If you’re thinking “ahh, but we can’t have sex with Alexa,” then a) you don’t know how the internet works – I’m not going to link to rule 34, but feel free to research on your own – and b) the fact that we can’t literally have sex with them matters very little. These are subservient creatures, designed to have a submissive, feminine quality to them, and their prevalence in STEM is having real world impacts.
The UN, in collaboration with the German government and EQUALS Skills Coalition, recently investigated the rise of feminine voices in AI tech, and found that women rarely featured in the creation of these devices, and that the gendered language and intonations encouraged a dismissive view of women.
“Obedient and obliging machines that pretend to be women are entering our homes, cars and offices,” Saniye Gülser Corat, director of Gender Equality at UNESCO said as the report was published. “Their hardwired subservience influences how people speak to female voices and models how women respond to requests and express themselves. To change course, we need to pay much closer attention to how, when and whether AI technologies are gendered and, crucially, who is gendering them.”
Overwatch’s Echo, as touched on earlier, does not fit every criteria of being a sex mommy. She, and some other modern versions, rebel against the trope, but it’s the ways they rebel which highlight that the idea of a sex mommy is still alive and well.
If Overwatch were fully leaning into the trope, Echo would be a healer. There are already internet communities dedicated to the supposition that healers – both the characters and the people who play them – are sexually submissive and exist solely to serve their masters. Echo, as a DPS hero, does avoid falling into this trap, as does the fact she was created by a woman; in the Overwatch story at least. In reality, Overwatch’s creative director Chris Metzen has said they’ve been “trying not to oversexualize the female characters,” so we can only assume the thin waist, wide hips and chest to simulate breasts are all entirely necessary design features.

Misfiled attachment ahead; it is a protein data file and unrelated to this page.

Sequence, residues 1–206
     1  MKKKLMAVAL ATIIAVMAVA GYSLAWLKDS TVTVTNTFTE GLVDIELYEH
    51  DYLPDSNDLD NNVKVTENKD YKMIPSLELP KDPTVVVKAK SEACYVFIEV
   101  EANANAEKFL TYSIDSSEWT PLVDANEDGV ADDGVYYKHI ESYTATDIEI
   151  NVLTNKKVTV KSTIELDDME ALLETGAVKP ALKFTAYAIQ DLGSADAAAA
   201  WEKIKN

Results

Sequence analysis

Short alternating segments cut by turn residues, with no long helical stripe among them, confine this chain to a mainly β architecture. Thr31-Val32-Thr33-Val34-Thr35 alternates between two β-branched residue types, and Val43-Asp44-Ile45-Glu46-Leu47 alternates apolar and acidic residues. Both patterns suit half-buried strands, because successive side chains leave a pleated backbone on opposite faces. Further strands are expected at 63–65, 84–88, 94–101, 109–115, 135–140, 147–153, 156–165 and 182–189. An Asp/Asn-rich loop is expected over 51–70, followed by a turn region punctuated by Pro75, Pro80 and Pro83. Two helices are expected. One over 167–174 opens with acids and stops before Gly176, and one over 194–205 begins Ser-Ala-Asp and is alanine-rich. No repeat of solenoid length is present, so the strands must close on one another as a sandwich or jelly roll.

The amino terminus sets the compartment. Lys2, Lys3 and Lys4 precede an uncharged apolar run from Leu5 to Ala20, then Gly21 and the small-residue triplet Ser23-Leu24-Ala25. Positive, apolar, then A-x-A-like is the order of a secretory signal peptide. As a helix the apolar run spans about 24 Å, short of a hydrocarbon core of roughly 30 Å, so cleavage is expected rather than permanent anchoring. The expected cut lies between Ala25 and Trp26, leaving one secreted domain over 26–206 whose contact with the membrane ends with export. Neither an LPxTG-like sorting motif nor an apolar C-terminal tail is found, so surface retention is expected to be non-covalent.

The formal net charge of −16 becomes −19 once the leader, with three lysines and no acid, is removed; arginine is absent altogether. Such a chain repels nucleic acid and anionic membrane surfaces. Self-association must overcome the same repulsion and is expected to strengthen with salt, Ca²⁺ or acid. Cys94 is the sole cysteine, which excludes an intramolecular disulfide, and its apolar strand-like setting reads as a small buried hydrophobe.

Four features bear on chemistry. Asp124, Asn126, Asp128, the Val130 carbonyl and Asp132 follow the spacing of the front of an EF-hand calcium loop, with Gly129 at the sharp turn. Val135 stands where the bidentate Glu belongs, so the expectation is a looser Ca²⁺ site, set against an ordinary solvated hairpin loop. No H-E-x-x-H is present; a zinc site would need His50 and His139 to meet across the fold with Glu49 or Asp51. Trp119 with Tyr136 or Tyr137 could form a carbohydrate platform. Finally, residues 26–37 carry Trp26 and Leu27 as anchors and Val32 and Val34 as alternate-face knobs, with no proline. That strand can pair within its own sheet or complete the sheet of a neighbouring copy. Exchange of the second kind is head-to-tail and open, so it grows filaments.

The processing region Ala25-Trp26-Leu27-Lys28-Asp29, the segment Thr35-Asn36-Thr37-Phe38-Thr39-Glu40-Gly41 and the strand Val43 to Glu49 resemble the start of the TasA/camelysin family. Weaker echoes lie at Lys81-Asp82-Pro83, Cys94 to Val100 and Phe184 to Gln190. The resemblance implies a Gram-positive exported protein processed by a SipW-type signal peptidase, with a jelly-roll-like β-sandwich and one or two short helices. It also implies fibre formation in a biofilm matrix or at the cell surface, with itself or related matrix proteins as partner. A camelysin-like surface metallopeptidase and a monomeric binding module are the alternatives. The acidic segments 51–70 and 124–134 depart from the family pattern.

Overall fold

There are parts of Echo which push back, but far more which submit. Considering Overwatch’s narrative has always played a minor role at best, the majority of players aren’t going to even get a chance to interpret Echo’s storyline or the legacy of female ingenuity she represents, but instead will just want to control the sexy robot woman.
Dolores, from the increasingly confusing WestWorld, is another AI who rebels against the trope in perhaps counter intuitive ways. She was created as a daughter figure by Arnold, initially, but within the park, she was at the mercy of the guests; when we first encounter her, she is about to be raped by a guest who apparently does so frequently. There is a lot to unpack with WestWorld’s timeline and plot, but let’s keep it simple here.
WestWorld features a theme park of robot cowboys (and other things, but remember: simple) who eventually rebel against the humans’ poor treatment of them. Dolores is their leader, played by Evan Rachel Wood, who in some religions is the Goddess of Bisexuals. Dolores rebels with violence and feminine sexuality in almost equal measure, and while she exists as a character to highlight the dangers of the AI sex mommy, the fact remains that she was created to serve as a daughter figure and was then repurposed as a plaything. Her revenge is seen as the robots breaking their own code and rebelling, which doesn’t do much to distance her from the sex mommy trope: robots either obey our every word, or they go berzerk and kill us all. Ava, from Ex Machina, also fits this description, as does – arguably – Eva Core in Mass Effect 3, though this gynoid pivots towards Sam/Alexa once EDI inhabits Eva’s body.
To save yourself a rule 34 Google, just check out EDI’s outfits in Mass Effect 3.
Humans are able to sexualise most things in our world, and are the perfect mix of driven and lazy as a species to constantly be creating tools to make our lives easier. Combine those two ideas and add the constantly improving technology around robots, and it’s no surprise our quest for a sex mommy led us to this.